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Moser, Mizumura, and Murakami [BTBA]

This week’s Best Translated Book Award post is from judge Kevin Elliott, bookseller at 57th Street Books in Chicago. As a reminder, you can stay up to date with all BTBA goings on by liking our Facebook page and by following us on Twitter. And by checking in regularly here at Three Percent. Recently, Benjamin Moser, ...

2014 BTBA Fiction Winner: "Seiobo There Below" by László Krasznahorkai

As you already know, the winner of this year’s BTBA for fiction is Seiobo There Below by László Krasznahorkai, and translated from the Hungarian by Ottilie Mulzet. Below is a short piece by the BTBA fiction jury explaining the reasons behind their selection and pointing out two runners-up. We are very pleased ...

2014 Best Translated Book Awards: Fiction Finalists

All 25 titles on the 2014 Fiction Longlist are spectacular, so I’m sure this was a pretty brutal decision making process. Anyway, here are your final ten books: Horses of God by Mahi Binebine, translated from the French by Lulu Norman (Morocco; Tin House) Blinding by Mircea Cărtărescu, translated from the ...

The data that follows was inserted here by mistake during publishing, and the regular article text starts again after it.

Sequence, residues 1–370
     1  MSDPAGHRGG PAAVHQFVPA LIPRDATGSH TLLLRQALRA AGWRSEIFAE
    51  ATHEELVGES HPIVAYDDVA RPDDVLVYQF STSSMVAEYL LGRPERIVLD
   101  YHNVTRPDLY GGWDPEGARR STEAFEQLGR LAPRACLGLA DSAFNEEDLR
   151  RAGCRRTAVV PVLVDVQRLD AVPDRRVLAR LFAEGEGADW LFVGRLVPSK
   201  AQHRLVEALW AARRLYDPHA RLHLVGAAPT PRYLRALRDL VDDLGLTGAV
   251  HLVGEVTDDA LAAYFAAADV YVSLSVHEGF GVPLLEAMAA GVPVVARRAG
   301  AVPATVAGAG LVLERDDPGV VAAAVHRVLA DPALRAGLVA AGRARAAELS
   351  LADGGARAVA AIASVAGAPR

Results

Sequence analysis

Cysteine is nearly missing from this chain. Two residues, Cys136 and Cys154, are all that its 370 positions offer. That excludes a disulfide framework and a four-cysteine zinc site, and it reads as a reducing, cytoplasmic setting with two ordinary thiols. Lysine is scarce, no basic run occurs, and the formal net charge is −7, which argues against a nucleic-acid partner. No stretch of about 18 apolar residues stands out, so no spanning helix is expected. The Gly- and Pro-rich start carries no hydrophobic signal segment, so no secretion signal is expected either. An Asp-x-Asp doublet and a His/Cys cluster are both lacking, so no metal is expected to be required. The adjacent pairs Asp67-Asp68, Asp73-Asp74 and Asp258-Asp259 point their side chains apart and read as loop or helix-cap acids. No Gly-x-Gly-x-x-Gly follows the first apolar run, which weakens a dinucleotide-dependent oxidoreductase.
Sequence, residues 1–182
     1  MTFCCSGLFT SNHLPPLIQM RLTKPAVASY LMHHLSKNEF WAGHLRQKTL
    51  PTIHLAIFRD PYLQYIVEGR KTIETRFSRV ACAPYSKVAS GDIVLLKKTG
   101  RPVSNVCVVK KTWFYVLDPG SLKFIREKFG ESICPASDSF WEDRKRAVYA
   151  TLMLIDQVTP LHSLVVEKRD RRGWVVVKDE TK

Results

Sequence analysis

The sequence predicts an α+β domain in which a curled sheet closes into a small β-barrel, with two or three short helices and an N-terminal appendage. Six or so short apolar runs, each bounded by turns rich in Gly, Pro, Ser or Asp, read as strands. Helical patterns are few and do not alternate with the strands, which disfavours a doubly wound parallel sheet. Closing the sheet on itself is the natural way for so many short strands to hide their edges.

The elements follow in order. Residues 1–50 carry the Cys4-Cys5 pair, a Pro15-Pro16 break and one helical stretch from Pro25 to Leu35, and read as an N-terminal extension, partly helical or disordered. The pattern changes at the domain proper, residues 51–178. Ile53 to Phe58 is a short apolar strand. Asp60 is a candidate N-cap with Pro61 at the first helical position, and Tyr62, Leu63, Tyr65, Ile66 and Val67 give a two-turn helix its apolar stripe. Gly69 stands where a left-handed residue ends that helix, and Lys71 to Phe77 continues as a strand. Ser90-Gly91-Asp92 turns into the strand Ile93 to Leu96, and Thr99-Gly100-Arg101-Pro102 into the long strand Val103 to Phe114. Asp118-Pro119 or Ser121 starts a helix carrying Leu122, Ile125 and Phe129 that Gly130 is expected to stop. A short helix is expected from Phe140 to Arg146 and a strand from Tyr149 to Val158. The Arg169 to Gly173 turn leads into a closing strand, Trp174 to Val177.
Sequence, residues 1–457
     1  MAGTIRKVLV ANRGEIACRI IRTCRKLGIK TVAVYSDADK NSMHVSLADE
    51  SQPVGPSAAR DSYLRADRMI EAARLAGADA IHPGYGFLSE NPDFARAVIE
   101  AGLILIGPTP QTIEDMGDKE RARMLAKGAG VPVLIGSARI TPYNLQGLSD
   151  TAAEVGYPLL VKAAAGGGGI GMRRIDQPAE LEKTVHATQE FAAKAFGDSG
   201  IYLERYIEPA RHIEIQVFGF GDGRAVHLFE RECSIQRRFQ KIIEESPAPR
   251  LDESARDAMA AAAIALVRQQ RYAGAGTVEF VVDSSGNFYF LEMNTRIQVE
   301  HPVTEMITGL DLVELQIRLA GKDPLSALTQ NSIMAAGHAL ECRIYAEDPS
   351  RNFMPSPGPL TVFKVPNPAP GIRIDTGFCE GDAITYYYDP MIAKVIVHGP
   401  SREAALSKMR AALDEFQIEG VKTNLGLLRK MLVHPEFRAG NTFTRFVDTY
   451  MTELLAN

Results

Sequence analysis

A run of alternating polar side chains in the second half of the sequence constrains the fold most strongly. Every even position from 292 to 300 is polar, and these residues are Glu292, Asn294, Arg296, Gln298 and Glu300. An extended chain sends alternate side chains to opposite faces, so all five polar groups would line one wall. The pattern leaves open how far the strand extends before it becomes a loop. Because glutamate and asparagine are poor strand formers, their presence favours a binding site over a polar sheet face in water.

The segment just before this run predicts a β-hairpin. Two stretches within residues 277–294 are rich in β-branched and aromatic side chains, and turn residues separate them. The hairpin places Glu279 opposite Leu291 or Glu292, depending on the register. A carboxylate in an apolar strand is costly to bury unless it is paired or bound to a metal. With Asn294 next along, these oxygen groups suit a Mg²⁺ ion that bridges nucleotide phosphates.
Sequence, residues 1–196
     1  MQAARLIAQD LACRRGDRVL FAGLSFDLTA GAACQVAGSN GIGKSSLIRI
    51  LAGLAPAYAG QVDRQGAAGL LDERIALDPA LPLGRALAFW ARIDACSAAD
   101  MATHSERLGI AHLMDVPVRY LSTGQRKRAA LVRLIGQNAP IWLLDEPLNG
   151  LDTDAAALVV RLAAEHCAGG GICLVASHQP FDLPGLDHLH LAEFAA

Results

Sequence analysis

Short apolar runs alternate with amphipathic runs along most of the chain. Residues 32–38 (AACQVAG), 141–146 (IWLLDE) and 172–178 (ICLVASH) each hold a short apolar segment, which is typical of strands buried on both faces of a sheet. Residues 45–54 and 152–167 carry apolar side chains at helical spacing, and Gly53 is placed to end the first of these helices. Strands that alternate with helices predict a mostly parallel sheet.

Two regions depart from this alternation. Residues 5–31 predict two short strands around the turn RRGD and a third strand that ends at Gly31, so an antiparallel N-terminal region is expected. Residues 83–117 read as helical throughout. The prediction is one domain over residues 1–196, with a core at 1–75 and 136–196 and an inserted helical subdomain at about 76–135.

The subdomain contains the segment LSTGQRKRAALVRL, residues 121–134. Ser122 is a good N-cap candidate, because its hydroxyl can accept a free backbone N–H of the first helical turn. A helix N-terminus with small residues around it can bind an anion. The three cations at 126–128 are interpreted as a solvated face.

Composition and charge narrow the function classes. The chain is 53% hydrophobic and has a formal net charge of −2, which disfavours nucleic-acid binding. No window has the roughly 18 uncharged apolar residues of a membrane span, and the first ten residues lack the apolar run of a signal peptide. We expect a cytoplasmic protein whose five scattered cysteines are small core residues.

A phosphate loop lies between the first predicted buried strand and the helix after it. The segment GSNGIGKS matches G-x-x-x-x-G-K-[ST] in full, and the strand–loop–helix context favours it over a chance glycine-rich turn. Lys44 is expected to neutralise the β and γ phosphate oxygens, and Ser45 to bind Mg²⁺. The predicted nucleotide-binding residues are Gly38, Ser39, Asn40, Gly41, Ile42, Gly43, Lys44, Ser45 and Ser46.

November 2013 Translations Worth Checking Out: The "ORDNUNG!" Edition

Before getting into this month’s list of recommended translations—which is kind of long, mostly because I couldn’t decide on which titles to cut—I want to follow-up a bit on last month’s post about our trip to the Frankfurt Book Fair. Actually, to be more specific, I want to talk about Germans ...

Latest Review: "A True Novel" by Minae Mizumura

The latest addition to our Reviews Section is by Hannah Vose on A True Novel by Minae Mizumura, from Other Press. To go against the grain of prologues and intros (more on that from This Hannah in a bit), here’s the beginning of her review: If you’re one of those people who habitually skim the prologue to a ...

A True Novel

If you’re one of those people who habitually skim the prologue to a book, Minae Mizumura’s _A True Novel_—her third novel and the winner of the Yomiuri Literature Prize in Japan in 2002—might not appear to be for you. That is to say, the prologue takes up at least a third of the first volume of the book, and it’s ...